For a variety of applications, it is desirable for the holes to be formed such that greater than 95% of and preferably all of the holes exhibit a mean hole size in the cladding for the optical fiber which is less than 1550 nm, more preferably less than 775 nm, most preferably less than about 390 nm. Likewise, it is preferable that the maximum diameter of the holes in the fiber be less than 7000 nm, more preferably less than 2000 nm, and even more preferably less than 1550 nm, and most preferably less than 775 nm. In some embodiments, the fibers disclosed herein have fewer than 5000 holes, in some embodiments also fewer than 1000 holes, and in other embodiments the total number of holes is fewer than 500 holes in a given optical fiber perpendicular cross-section. Of course, the most preferred fibers will exhibit combinations of these characteristics. Thus, for example, one particularly preferred embodiment of optical fiber would exhibit fewer than 200 holes in the optical fiber, the holes having a maximum diameter less than 1550 nm and a mean diameter less than 775 nm, although useful and bend resistant optical fibers can be achieved using larger and greater numbers of holes. The hole number, mean diameter, max diameter, and total void area percent of holes can all be calculated with the help of a scanning electron microscope at a magnification of about 800× and image analysis software, such as ImagePro, which is available from Media Cybernetics, Inc. of Silver Spring, Md., USA.
The optical fiber disclosed herein may or may not include germania or fluorine to also adjust the refractive index of the core and or cladding of the optical fiber, but these dopants can also be avoided in the intermediate annular region and instead, the holes (in combination with any gas or gases that may be disposed within the holes) can be used to adjust the manner in which light is guided down the core of the fiber. The hole-containing region may consist of undoped (pure) silica, thereby completely avoiding the use of any dopants in the hole-containing region, to achieve a decreased refractive index, or the hole-containing region may comprise doped silica, e.g. fluorine-doped silica having a plurality of holes.
In one set of embodiments, the core region includes doped silica to provide a positive refractive index relative to pure silica, e.g., germania doped silica. The core region is preferably hole-free. As illustrated in
An example of a suitable bend resistant optical fiber 312 is illustrated in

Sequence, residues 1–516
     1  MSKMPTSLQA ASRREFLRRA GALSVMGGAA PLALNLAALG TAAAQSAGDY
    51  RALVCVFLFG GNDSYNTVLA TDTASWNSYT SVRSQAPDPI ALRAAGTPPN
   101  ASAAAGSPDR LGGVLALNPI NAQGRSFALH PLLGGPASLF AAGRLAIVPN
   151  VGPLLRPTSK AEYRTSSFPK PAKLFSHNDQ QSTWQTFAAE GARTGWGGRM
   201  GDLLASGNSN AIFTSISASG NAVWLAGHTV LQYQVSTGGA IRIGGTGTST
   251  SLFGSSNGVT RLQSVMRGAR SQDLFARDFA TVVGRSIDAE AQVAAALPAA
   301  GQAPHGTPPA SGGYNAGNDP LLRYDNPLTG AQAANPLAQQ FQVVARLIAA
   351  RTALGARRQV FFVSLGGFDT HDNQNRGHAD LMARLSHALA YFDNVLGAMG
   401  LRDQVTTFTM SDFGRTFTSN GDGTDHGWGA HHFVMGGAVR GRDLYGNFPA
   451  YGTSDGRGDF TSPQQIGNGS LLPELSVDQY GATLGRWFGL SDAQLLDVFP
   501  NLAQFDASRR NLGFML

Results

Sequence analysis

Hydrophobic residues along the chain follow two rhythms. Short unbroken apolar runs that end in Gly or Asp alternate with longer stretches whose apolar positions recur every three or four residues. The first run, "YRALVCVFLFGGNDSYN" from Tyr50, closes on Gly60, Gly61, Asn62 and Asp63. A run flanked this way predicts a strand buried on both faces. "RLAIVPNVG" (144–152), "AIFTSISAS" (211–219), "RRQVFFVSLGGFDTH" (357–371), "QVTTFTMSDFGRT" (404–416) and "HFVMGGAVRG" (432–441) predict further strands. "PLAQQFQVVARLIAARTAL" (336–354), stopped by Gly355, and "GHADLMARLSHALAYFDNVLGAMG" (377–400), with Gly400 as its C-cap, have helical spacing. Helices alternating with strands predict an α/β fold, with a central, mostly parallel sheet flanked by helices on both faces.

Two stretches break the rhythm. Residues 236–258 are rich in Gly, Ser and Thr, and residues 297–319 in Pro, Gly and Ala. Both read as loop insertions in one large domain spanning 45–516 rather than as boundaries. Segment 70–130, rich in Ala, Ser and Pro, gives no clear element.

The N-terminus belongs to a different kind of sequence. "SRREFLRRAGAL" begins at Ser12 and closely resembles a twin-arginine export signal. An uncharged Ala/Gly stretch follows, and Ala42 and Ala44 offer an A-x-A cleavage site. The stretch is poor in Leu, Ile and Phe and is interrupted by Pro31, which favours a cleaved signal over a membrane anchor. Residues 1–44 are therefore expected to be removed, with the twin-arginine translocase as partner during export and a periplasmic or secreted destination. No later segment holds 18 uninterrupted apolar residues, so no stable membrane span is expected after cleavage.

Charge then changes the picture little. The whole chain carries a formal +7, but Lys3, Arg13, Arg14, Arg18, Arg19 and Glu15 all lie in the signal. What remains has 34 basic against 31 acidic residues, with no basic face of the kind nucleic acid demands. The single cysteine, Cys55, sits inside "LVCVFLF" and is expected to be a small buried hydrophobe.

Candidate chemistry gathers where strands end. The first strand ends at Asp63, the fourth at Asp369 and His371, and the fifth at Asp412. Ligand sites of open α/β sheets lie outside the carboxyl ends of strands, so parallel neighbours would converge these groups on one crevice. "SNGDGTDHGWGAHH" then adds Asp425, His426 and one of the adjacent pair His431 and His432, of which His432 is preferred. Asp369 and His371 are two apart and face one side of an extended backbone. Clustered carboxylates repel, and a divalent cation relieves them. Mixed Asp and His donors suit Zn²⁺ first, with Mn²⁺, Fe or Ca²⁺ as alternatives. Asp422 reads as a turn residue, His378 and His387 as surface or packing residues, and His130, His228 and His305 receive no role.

Many modifications and other embodiments of the present invention, within the scope of the appended claims, will become apparent to a skilled artisan. For example, optical waveguides can be formed in a variety of ribbon stacks or configurations such as a stepped profile of the ribbon stack (i.e. the ribbon stack cross-section is in the shape of a plus sign). Cables according to the present invention can also include more than one optical tube assembly stranded helically, rather than S-Z stranded configurations. Additionally, dry inserts of the present invention can be laminated together as shown or applied as individual components. Therefore, it is to be understood that the invention is not limited to the specific embodiments disclosed herein and that modifications and other embodiments may be made within the scope of the appended claims. Although specific terms are employed herein, they are used in a generic and descriptive sense only and not for purposes of limitation. The invention has been described with reference to silica-based optical waveguides, but the inventive concepts of the present invention are applicable to other suitable optical waveguides and/or cable configurations.
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|U.S. Classification||385/100, 385/113, 385/105|
|Cooperative Classification||G02B6/4411, G02B6/4403, G02B6/448, G02B6/4494, G02B6/4433, G02B6/4484|
|European Classification||G02B6/44C9L, G02B6/44C11, G02B6/44C7A1L|
|Sep 9, 2013||FPAY||Fee payment|
Year of fee payment: 4
|Sep 23, 2016||AS||Assignment|
Owner name: CORNING OPTICAL COMMUNICATIONS LLC, NORTH CAROLINA
Free format text: CHANGE OF NAME;ASSIGNOR:CORNING CABLE SYSTEMS LLC;REEL/FRAME:039844/0482
Effective date: 20140114